Author(s): Peter Stanley
Australians remember the dead of 25 April 1915 on Anzac Day every year. But do we know the name of a single soldier who died that day? What do we really know about the men supposedly most cherished in the national memory of war?
Peter Stanley goes looking for the Lost Boys of Anzac: the men of the very first wave to land at dawn on 25 April 1915 and who died on that day. There were exactly 101 of them. They were the first to volunteer, the first to go into action, and the first of the 60,000 Australians killed in that conflict.
Lost Boys of Anzac traces who these men were, where they came from and why they came to volunteer for the AIF in 1914. It follows what happened to them in uniform and, using sources overlooked for nearly a century, uncovers where and how they died, on the ridges and gullies of Gallipoli - where most of them remain to this day. And we see how the Lost Boys were remembered by those who knew and loved them, and how they have since faded from memory.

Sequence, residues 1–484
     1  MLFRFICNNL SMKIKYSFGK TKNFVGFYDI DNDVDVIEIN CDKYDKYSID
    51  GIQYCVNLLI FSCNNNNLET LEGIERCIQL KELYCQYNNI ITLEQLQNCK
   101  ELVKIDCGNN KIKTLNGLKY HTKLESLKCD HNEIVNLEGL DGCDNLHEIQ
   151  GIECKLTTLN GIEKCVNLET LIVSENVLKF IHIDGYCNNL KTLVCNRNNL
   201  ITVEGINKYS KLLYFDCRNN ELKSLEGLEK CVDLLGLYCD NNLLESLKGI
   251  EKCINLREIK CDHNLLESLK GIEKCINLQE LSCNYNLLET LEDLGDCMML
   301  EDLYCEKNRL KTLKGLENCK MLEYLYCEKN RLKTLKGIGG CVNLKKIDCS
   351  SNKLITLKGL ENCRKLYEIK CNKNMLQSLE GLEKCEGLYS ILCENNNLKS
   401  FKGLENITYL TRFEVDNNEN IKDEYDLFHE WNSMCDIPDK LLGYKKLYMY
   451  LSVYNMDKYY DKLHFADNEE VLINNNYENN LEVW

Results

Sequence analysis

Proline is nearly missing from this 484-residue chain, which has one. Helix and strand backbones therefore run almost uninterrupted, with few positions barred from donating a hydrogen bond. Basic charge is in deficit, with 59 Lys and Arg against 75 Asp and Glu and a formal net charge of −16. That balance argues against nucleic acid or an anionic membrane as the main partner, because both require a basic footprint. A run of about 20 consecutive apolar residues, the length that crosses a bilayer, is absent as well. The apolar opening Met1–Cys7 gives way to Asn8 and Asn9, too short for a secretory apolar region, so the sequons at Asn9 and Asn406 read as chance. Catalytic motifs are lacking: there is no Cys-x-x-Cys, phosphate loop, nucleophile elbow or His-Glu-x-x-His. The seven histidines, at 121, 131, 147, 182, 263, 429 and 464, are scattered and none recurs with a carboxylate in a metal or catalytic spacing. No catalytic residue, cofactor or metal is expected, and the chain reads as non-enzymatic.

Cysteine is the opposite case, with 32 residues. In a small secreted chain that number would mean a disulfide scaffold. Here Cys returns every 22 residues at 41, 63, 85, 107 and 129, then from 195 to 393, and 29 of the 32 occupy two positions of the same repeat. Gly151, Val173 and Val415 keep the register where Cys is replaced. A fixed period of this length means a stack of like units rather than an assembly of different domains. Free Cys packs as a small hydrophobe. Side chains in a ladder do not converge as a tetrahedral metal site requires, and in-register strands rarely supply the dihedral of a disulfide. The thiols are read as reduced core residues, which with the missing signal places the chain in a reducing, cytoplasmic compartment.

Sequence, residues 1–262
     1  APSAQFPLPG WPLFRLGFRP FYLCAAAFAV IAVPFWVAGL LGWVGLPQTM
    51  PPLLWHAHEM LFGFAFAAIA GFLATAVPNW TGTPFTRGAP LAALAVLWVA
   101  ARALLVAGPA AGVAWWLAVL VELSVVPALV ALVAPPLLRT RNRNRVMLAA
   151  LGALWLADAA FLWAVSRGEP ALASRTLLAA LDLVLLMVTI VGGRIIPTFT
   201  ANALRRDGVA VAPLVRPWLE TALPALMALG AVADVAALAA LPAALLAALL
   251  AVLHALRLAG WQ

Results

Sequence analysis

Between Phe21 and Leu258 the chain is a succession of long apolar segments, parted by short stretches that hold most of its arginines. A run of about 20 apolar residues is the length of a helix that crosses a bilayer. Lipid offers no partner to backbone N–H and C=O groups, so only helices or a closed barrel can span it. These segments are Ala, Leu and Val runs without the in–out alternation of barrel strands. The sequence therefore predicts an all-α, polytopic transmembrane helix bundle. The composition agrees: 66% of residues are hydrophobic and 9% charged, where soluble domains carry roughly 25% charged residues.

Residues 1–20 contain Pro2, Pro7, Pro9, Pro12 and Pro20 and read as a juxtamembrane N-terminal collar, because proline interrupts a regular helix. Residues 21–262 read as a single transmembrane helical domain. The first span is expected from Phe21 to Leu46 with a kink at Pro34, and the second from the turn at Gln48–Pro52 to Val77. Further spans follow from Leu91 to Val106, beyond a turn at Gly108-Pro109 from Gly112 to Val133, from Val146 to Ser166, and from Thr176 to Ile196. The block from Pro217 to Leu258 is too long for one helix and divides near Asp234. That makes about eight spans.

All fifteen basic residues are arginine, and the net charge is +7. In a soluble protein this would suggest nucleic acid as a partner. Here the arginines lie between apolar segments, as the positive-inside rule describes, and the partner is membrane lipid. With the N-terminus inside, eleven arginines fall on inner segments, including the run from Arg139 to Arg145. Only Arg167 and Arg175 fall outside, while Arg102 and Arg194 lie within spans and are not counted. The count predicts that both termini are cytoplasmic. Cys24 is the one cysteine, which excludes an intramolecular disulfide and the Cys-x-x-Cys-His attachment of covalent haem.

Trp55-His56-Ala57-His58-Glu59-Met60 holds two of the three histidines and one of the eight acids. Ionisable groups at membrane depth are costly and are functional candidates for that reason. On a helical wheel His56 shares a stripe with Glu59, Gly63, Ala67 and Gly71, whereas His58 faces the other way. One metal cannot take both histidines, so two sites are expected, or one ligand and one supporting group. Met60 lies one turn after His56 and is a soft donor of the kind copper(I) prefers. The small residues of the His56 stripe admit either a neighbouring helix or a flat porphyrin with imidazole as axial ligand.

Peter Stanley is a research professor at the University of New South Wales, Canberra, at the Australian Defence Force Academy. He is a former principal historian at the Australian War Memorial, and formerly headed the National Museum of Australia's new Research Centre. He is the author of more than 25 books, many on Australian military social history, including "Digger Smith," "Invading Australia," "The Remote Garrison," "Tarakan," and "Australia's Great War and Bad Characters," which jointly won the Prime Minister's Prize for Australian History in 2011.